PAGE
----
U.S. trade deficit drops to more than three-year low

WASHINGTON, Jan 7 (Reuters) - The U.S. trade deficit fell to a more than three-year low in November as imports declined further, likely weighed down by the Trump administration’s trade war with China, and exports rebounded, suggesting the economy ended 2019 on solid footing.

FILE PHOTO: Shipping containers are seen at the Port Newark Container Terminal in Newark, New Jersey, U.S. on July 2, 2009. REUTERS/Mike Segar/File Photo

The Commerce Department said on Tuesday the trade deficit decreased 8.2% to $43.1 billion, the smallest since October 2016. The percentage drop was the largest since January.

The trade deficit has narrowed 0.7% through November and is on track to record its first annual decline since 2013. While the shrinking trade bill should provide a boost to gross domestic product in the fourth quarter, falling consumer goods imports also suggest a cooling in domestic demand.

Data for October was revised to show the trade gap declining to $46.9 billion instead of the previously reported $47.2 billion. Economists polled by Reuters had forecast the trade gap narrowing to $43.8 billion in November.

The goods trade deficit with China, the focus of the White House’s “America First” agenda tumbled 15.7% to $26.4 billion, with imports dropping 9.2% and exports jumping 13.7%. The goods trade gap with the European Union fell 20.2% to $13.1 billion.

The United States and China are embroiled in a bruising trade war, and Washington has also tussled with other trading partners, including the European Union, Brazil and Argentina, accusing them of devaluing their currencies at the expense of U.S. manufacturers.

Though Washington and Beijing in December hammered out a “Phase 1” trade deal, considerable confusion remains about the details of the agreement. President Donald Trump said last Tuesday that the partial deal would be signed on Jan. 15 at the White House.

The 18-month-long U.S.-China trade war has undermined business investment, which together with slowing growth overseas have led to a recession in manufacturing. Economists expect manufacturing to continue to struggle without a complete rolling back of tariffs.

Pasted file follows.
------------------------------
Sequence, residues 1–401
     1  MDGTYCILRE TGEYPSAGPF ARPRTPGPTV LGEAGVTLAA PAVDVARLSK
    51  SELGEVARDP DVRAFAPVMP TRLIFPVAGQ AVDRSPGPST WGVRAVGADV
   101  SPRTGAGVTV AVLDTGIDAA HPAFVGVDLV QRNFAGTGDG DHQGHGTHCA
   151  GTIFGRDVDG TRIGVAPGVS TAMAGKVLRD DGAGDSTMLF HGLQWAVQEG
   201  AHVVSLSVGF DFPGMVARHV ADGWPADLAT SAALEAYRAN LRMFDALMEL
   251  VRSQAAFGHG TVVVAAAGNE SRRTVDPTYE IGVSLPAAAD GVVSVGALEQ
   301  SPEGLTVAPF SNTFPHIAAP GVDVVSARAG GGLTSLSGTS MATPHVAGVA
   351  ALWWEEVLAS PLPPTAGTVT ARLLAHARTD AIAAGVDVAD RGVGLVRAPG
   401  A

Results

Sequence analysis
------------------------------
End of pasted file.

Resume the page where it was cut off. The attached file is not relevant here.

When adjusted for inflation, the goods trade deficit decreased $3.7 billion to $75.3 billion in November, the smallest since March 2017. The so-called real trade deficit so far in the fourth quarter is below the average for the July-September period. Economists expect trade will add at least 1.5 percentage points to GDP growth in the fourth quarter after being a drag for two straight quarters.

The Atlanta Federal Reserve is forecasting GDP increasing at a 2.3% annualized rate in the fourth quarter. The economy grew at a 2.1% pace in the third quarter.

In November, goods imports dropped 1.4% to $201.1 billion, declining for a third straight month. Consumer goods imports fell $1.0 billion, pulled down by declines in cellphones and other household items, and artwork and other collectibles.

Economists believe consumer goods imports were weighed down by a 15% tariff on $110 billion worth of Chinese goods that came into effect on Sept. 1. They also say anticipation that the “Phase 1” trade agreement would roll back the tariffs could have encouraged companies to hold off on imports.

The drop in consumer goods imports points to a slower pace of consumer spending in the October-December quarter after two straight quarters of brisk growth.

Capital goods imports dropped $1.2 billion in November, reflecting decreases in civilian aircraft and computers. Crude oil imports tumbled to 166.4 million barrels, the lowest since February 1992, from 188.3 million barrels in October. Motor vehicle and parts imports, however, rose $1.1 billion.

Goods exports rose 0.7% to $137.2 billion in November. They were boosted by a $0.6 billion increase in shipments of capital goods. Consumer goods exports advanced $0.5 billion.

The goods trade deficit in November was the smallest since October 2016. The petroleum surplus of $0.8 billion in November was the highest on record.

Reporting By Lucia Mutikani; Editing by Andrea Ricci